The long history of the Mediterranean has led to a diversification of political and governance approaches, a broad range in economic development, and a diversity of social systems, all of which is reflected in the levels of development and the ecological footprints of the Mediterranean states. The ecological footprint is a measure of human demand on the Earth’s ecosystems and it represents the amount of biologically productive land and sea area necessary to supply the resources a human population consumes, and to assimilate associated waste. Mediterranean countries can be separated into two groups: 1. middle-income countries, with low Human Development Indices (HDIs) and small ecological footprints plus substantial progress in HDI, concentrated in the southern and eastern Mediterranean and on the eastern shore of the Adriatic Sea; and 2. high-income countries, with high HDIs and large ecological footprints. These are the EU Mediterranean countries and Israel.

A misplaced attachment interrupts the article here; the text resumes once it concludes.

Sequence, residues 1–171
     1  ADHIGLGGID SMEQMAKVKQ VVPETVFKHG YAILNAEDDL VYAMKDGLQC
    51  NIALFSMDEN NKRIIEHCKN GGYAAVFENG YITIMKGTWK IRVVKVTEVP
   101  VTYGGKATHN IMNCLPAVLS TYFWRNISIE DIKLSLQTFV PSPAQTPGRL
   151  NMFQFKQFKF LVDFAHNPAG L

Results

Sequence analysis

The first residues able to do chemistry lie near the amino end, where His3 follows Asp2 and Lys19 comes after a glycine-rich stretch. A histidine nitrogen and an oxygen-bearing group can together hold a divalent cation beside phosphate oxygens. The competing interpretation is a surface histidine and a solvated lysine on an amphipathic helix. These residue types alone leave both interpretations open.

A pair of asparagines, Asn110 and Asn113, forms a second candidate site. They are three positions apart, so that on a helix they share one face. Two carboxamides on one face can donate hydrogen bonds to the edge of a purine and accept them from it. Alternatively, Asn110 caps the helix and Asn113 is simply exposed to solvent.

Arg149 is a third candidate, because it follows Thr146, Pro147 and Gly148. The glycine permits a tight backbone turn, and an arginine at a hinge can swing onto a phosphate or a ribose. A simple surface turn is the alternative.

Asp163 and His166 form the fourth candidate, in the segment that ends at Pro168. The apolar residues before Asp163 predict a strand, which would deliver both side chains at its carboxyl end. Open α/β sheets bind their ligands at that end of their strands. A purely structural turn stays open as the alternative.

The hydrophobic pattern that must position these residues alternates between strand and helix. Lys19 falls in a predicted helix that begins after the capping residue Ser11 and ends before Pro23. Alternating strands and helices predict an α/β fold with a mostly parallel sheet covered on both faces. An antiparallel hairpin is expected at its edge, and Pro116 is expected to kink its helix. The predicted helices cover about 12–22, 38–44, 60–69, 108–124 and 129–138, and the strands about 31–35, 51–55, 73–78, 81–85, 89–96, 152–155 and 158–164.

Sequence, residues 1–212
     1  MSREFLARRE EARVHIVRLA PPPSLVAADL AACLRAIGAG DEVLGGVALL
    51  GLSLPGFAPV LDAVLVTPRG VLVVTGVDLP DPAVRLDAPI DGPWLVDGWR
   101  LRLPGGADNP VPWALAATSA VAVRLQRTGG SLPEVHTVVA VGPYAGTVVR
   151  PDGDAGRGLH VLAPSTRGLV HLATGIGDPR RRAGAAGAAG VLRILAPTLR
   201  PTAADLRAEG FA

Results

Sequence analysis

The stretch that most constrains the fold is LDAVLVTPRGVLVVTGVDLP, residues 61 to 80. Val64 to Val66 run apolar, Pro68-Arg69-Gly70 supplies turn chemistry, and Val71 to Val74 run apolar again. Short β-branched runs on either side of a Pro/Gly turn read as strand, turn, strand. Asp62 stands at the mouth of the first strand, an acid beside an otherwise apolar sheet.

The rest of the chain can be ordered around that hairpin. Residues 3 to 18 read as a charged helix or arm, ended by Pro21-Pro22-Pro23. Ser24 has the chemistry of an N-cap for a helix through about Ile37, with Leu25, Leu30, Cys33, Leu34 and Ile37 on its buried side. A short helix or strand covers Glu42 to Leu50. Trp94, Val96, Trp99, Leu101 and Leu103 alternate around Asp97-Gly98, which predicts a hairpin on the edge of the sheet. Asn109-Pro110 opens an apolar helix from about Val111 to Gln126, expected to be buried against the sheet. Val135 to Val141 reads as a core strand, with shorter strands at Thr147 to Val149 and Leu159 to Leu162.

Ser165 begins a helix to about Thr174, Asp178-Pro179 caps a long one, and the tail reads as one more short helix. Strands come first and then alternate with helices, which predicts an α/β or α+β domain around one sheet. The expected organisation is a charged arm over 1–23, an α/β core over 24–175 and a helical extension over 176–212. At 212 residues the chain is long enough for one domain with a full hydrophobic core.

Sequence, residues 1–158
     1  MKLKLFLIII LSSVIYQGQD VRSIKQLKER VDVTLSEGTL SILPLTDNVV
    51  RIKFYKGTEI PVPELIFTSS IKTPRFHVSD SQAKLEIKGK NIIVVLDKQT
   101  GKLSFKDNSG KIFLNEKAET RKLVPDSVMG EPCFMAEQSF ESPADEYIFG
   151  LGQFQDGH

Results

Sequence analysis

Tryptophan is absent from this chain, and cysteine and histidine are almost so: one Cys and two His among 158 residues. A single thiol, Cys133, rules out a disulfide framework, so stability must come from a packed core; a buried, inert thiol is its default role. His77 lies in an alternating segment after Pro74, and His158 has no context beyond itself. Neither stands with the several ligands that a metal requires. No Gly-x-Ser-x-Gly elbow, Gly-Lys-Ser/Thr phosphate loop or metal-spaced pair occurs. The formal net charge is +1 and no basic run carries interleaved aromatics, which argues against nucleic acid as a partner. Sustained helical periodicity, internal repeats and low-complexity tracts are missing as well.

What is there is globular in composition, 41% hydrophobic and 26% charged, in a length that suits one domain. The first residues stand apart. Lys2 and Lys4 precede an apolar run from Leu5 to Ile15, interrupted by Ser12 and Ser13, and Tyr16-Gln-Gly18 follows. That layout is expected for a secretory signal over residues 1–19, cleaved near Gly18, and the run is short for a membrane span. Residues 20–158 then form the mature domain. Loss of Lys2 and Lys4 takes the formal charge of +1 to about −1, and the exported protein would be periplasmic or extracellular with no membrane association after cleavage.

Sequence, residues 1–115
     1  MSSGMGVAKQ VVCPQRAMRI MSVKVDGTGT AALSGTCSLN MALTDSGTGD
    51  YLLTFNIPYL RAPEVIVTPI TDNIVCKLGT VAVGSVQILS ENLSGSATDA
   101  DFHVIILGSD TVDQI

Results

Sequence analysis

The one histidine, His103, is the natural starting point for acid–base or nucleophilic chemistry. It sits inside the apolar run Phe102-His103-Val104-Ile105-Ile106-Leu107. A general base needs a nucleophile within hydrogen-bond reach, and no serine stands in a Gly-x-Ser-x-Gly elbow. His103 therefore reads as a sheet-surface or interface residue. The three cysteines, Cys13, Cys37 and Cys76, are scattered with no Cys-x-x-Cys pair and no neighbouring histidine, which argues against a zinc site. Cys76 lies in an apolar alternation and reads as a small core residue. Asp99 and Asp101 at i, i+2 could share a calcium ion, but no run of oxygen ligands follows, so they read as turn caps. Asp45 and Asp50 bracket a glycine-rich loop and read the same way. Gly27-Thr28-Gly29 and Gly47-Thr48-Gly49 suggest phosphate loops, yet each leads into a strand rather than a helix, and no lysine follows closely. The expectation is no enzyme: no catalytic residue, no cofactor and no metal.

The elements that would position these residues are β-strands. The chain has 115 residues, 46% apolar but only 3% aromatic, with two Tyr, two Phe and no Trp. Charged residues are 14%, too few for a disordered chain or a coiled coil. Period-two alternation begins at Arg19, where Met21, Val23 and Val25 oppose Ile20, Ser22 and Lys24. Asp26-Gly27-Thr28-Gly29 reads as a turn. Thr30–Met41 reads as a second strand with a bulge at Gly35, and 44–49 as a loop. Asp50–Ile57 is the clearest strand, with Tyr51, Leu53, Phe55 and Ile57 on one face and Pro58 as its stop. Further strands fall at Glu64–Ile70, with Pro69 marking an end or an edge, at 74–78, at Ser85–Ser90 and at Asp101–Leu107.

From collection: State of the Mediterranean Marine and Coastal Environment